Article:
Thoughts on Providing the Experience

American Folklore Theatre (AFT) administration and box office staff met for breakfast this morning to share a few laughs and bolster ourselves for the remaining and busiest period of our summer season. Yesterday marked mid-season at the AFT amphitheater and we typically sell almost half of our summer tickets between now and our closing performance (this year on Saturday, August 27).

This is the first year in my tenure that we’ve had to worry more about heat than rain. “It’s always something,” as Gilda Radner used to say. And while day-to-day attendance fluctuates at the whim of Mother Nature, we are thankfully on track to have another strong summer.

I’m currently reading a fascinating book on marketing titled The Experience Economy: Work Is Theater & Every Business a Stage, by B. Joseph Pine and James H. Gilmore. The premise is that businesses must learn to stage a rich, immersive, compelling experience. According to Pine and Gilmore, businesses must orchestrate memorable events for their customers, and that memory itself becomes the product – the “experience.” Effective experience-centric businesses can begin charging for the value of the “transformation” that an experience offers.

I suppose it is only natural that such a business philosophy would appeal to the Managing Director of an outdoor theatre company. Fortunately, we have brilliant box office and house management teams that focus on one overriding premise – enhance and protect the AFT experience for the customer at all cost. They all have wide discretion to make sure, to every reasonable extent, that our patrons are cared for like family.

Our fans tend to come to the park with a strong sense of expectation. After all, attending an AFT musical takes a little extra effort. Not that driving through one of the most beautiful parks in the country is any great hardship, but the “AFT Experience” requires folks to drive a few extra miles, enjoy a short walk to the theatre and be ready to meet nature halfway. But the payoff…like an idyllic picnic, a sublime day at the beach, or a perfect first date…can be profoundly meaningful and memorable. Research tells us that if someone visits us once the odds are very high that they will be back the next time they’re “in county.” On any given night approximately half of the audience members are returning patrons.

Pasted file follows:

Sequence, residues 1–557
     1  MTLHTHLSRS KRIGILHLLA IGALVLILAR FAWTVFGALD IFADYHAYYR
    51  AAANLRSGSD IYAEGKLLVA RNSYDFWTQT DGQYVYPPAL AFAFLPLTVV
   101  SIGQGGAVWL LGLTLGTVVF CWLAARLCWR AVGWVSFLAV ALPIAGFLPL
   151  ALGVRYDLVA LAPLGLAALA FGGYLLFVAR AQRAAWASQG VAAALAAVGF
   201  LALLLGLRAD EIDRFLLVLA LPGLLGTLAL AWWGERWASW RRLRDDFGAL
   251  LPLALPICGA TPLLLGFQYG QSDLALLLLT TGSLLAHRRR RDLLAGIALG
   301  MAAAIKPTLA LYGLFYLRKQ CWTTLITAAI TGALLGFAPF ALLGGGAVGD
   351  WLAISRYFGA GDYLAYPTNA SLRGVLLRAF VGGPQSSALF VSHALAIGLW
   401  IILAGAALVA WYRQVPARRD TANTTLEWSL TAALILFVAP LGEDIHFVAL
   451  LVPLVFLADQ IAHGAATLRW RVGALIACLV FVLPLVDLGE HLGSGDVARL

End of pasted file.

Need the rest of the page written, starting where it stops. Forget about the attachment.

We have, for the most part, an entirely new park house management crew this season. We’re training four very smart young people to take on these critical roles for, we hope, the next several years. Dan Gorchynsky, our senior House Manager, will be leaving us after four years of superlative summer service to spread his wings and take his forthcoming degree in theatre management from UW-Milwaukee to some fortunate new organization. Gorchynsky’s experience at AFT apparently was all Milwaukee Repertory Theatre needed to hire him as their Assistant House Manager, a role he juggles while at university.

At a recent training meeting I shared two letters with these new house-managers-in-training – the very worst letter we’ve ever received from a patron (from a very thin file folder, I’m happy to say) and one of the most moving and positive letters we’ve been blessed to receive over the years (from a very fat “Positive Correspondence” folder, I’m happy to add.)

The negative letter was long, caustic and completely justified. It complained about a crowd control issue we have long since taken great care to correct. It was written by a long-time supporter whose negative experience compromised their faith in an organization that they obviously truly loved.

The positive note was from Kristi Johnson, wife of a longtime fan Curt Johnson, who had recently passed away. It spoke of this gentlemen’s love of the theatre and how AFT was integral to so many treasured family memories. The letter also expressed thanks for permission to use Fred Alley’s song “I Will Arise” at the memorial service. The letter concluded with, “As our family attends AFT this summer there will be one person missing from the bench, but I know he will be watching from above. Thank you for the memories.”

The lesson was obvious. The art of theatre has and will always have transformational potential. But the business and customer service models that support this art also affect people in big ways, for better or worse, which we might not anticipate. The customer’s memory of the show itself is clearly not all that patrons walk away with. And the experience they will remember can be greatly influenced by the most routine practice or smallest caring gesture.

Peninsula Arts and Humanities Alliance, Inc., is a coalition of non-profit organizations whose purpose is to enhance, promote and advocate the arts, humanities and natural sciences in Door County.